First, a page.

There is no reader question this week. Instead, Helena wants to set something right: cutlery.

When I tell people I write about etiquette, they often say, “Oh, like which fork to use?” But I’ve avoided covering this particular topic because I think modern etiquette is more about whether it’s OK to use your iPhone at the dinner table or how to encourage your roommates to recycle food containers. Nonetheless, the question remains: Is it important to know which fork to use?

The old-fashioned rule for place settings is simple: Use the implements on the outside first and work your way in. Spoons and forks that are set horizontally at the top are for dessert. But is it a big deal if you don’t know this?

Let’s put it in context. Until the second half of the 19th century, forks were rare in the United States, says Darra Goldstein, editor of Gastronomica magazine and cocurator of “Feeding Desire: Design and the Tools of the Table, 1500–2005,” at the Cooper-Hewitt, National Design Museum in New York. People generally used knives to cut and spear things, and, less commonly, spoons. It was only after the discovery of electroplating in the 1840s and the Comstock Lode silver ore deposits in the 1850s that forks became ubiquitous. By the late 19th century, elaborate place settings were used as a status symbol, and knowing what fork to use with the right food was essentially knowledge for the upwardly mobile. An industry emerged producing dozens of specialized implements, like marrow spoons and sardine forks.

These days, a surprising number of people don’t know the difference between a salad and an entrée fork. Christopher Losa, owner of San Francisco restaurant Bar Bambino, says approximately 30 percent of his customers use the wrong one. Another common mistake, says Annabel Day, a director and instructor at Jon D. Williams Cotillions, which offers adult etiquette courses, is that people commonly misuse their dessert spoon for mashed potatoes or soup.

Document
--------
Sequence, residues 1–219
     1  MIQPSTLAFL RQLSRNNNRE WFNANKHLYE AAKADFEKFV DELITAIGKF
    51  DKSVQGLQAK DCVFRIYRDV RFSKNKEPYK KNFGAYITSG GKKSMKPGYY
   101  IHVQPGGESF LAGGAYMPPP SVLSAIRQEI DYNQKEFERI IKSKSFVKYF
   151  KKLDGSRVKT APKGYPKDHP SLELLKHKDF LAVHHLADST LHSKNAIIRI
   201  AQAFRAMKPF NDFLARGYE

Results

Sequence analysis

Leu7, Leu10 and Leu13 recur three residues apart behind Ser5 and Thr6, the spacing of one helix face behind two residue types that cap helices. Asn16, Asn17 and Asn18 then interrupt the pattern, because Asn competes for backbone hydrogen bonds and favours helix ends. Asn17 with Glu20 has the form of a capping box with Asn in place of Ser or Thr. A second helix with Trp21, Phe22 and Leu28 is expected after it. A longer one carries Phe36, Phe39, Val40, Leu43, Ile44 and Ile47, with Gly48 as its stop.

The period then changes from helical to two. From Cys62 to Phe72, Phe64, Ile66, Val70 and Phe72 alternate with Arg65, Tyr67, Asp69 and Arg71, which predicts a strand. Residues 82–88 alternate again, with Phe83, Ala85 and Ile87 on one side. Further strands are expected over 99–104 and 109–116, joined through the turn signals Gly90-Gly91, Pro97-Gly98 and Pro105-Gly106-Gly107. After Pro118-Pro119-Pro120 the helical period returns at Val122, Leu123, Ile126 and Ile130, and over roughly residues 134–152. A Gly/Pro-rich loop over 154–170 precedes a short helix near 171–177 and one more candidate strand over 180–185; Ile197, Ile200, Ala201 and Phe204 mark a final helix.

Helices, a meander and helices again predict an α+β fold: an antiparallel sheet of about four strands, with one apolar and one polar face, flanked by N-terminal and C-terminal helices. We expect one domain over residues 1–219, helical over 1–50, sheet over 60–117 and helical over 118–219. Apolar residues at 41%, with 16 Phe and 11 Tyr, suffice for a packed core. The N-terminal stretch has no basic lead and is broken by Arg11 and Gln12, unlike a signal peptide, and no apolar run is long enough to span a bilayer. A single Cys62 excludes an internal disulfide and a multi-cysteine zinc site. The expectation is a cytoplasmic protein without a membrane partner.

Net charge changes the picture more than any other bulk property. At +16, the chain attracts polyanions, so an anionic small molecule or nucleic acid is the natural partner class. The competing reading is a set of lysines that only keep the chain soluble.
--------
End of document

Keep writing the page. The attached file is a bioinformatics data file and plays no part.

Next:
A growing number of restaurants have stopped offering multiple knives, spoons, and forks, asking you to hold on to your knife and fork from course to course instead. This practice, says Losa, is designed to streamline service and save on dishwashing labor and hot water.

So is knowing what fork to use superfluous information these days? In at least one case Day knows of, somebody used the wrong utensil during a job interview and was not hired as a result. “If you’re incompetent at choosing the correct utensil,” says Day, “how will you be competent about making decisions in the workplace?” But people who teach etiquette courses for a living have a high stake in promoting this view.

If you’re in a situation like a very stuffy business dinner or an outing with highfalutin in-laws you’re reaching to impress, you might as well keep in mind the outside-in rule, which is very simple to remember anyway. But beyond that type of situation, the importance is low. The only other reason you might want to use the “right” utensil is for your own sensual enjoyment. “The soup spoon exists because it gives you the ability to have a complete mouthful of soup components versus the smaller dessert size,” explains Losa. But if we’re talking about the sensual joys of eating, I’d suggest using your fingers as well.

CHOW’s Table Manners column appears every Wednesday. Have a Table Manners question? Email Helena.

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